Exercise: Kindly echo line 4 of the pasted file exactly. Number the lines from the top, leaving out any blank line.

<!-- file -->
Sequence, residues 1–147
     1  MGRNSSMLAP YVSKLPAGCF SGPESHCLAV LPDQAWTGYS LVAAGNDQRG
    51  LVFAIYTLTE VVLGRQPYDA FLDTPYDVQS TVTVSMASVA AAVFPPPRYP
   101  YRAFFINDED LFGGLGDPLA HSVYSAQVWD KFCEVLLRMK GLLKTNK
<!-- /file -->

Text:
   101  YRAFFINDED LFGGLGDPLA HSVYSAQVWD KFCEVLLRMK GLLKTNK